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Less spin and more debate needed on CETA – Quinlivan

4 July, 2017 - by Maurice Quinlivan TD


Sinn Féin spokesperson on Jobs, Enterprise, and Innovation Maurice Quinlivan TD, has today reiterated his call for a debate to be held in the Dáil on CETA.

Teachta Quinlivan’s call coincides with Canadian Prime Minister Justin Trudeau’s arrival in Ireland and Taoiseach Leo Varadkar’s comments endorsing the provisional application of this trade deal without question or debate. 

Speaking from a protest on CETA outside Government Buildings today, Teachta Quinlivan said;

“This government have consistently denied the Dáil an opportunity to debate CETA. The previous Minister for Jobs, Enterprise, and Innovation, Mary Mitchell O’Connor, refused my request on a number of occasions, and the new Minister, Tánaiste Frances Fitzgerald reaffirmed that denial recently. 

“Today, we saw Taoiseach Varadkar and Prime Minister Trudeau enthusiastically endorse the undemocratic provisional application of CETA, meaning it will be enforced before it is debated or scrutinised by the Dáil, a recipe for disaster. 

“Sinn Féin is not against free trade or free trade agreements, but CETA, and its sister trade deal TTIP, are a new generation of FTAs that move far beyond the lowering or abolition of tariffs, and aim primarily to remove non-tariff barriers to trade, by reaching regulatory coherence or harmonisation between parties.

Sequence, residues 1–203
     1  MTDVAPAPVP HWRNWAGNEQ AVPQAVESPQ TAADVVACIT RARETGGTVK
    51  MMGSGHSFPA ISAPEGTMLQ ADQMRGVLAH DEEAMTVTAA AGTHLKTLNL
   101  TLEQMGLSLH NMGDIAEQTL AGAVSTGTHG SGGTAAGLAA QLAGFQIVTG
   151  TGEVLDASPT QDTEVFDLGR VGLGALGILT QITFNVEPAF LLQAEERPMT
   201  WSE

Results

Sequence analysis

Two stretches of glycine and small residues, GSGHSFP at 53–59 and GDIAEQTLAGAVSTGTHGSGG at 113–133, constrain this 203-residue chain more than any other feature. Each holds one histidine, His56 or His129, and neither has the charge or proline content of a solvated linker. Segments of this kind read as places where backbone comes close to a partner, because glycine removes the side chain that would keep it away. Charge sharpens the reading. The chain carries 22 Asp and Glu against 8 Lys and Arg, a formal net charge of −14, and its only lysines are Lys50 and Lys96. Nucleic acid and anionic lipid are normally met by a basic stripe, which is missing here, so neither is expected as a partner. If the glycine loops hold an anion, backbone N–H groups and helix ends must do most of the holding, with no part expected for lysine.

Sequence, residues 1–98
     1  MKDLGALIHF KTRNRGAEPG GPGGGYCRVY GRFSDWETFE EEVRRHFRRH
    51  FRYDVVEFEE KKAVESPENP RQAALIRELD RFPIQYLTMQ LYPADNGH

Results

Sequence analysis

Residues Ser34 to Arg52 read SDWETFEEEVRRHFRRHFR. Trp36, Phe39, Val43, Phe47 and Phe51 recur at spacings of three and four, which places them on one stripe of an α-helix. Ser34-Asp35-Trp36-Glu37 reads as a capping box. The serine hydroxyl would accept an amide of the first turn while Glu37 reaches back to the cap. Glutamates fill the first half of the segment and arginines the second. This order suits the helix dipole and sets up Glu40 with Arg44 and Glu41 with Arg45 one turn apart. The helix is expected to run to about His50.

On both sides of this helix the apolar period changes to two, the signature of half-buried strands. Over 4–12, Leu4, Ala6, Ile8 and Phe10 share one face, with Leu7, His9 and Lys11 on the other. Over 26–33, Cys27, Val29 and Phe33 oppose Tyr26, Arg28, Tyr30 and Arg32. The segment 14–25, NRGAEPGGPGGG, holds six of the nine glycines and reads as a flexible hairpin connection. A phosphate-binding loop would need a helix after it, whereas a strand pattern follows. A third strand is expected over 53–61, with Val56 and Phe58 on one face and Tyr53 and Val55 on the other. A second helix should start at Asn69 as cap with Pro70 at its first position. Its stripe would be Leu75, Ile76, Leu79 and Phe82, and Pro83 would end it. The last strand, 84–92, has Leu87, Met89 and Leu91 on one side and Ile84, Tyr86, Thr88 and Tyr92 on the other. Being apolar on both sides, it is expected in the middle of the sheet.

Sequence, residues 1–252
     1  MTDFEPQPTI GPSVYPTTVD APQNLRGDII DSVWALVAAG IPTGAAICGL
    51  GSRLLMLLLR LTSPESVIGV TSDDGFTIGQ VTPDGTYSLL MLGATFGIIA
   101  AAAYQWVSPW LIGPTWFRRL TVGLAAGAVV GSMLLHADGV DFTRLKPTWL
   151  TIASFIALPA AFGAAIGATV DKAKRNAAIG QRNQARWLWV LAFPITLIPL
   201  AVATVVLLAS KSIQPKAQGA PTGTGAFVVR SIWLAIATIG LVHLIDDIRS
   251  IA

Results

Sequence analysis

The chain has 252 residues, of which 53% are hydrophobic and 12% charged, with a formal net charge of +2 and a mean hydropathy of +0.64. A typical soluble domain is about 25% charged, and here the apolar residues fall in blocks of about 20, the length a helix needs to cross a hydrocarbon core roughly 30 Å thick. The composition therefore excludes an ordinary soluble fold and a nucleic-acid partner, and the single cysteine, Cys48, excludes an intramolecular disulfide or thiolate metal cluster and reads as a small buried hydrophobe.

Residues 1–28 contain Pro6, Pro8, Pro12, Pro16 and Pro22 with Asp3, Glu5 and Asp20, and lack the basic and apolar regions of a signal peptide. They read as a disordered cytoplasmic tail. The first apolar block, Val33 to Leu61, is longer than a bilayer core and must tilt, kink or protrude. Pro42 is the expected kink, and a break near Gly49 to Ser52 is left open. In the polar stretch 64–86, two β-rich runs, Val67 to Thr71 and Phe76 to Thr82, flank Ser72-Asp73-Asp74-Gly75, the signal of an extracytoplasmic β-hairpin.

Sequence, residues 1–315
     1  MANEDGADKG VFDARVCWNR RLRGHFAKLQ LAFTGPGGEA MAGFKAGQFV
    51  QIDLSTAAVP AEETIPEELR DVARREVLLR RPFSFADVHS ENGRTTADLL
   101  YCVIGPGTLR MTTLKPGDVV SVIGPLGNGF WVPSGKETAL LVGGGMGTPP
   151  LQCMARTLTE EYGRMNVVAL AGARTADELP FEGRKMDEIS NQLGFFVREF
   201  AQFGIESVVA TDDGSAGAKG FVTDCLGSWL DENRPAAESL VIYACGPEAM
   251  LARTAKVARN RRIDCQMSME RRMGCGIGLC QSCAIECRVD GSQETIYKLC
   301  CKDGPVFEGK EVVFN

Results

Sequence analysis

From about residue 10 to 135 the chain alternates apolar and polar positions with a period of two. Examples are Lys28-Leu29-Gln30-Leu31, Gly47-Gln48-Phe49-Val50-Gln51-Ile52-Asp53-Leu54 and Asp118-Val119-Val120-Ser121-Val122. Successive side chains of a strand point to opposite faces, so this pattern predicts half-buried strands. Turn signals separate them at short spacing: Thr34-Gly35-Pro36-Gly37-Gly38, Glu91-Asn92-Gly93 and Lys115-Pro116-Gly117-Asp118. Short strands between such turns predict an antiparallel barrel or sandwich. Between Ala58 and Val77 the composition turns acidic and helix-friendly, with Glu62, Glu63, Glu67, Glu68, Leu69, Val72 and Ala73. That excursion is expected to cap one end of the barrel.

“At the fore of our concerns is the inclusion of the Investor Court System, which will allow Canadian-based corporations the right to sue national governments in Europe, for compensation for the loss of expected future profits in response to government actions that impact on the company’s activities. Sinn Féin has received legal advice that the inclusion of this system is not compatible with Bunreacht na hÉireann.

“CETA will further distort trade and wealth in favour of large multinational corporations at the expense of indigenous Irish industry.  Small and medium Irish enterprises will be severely disadvantaged.

“This deal will allow for Canada to supply the EU with 50,000 tonnes of beef per year, which will have a major negative impact on the Irish farming sector. 

“We want an opportunity to raise these concerns in the Dáil, to ensure citizens across Ireland are fully informed on what is included in this trade agreement, and challenge aspects that will hurt Irish interests.” 

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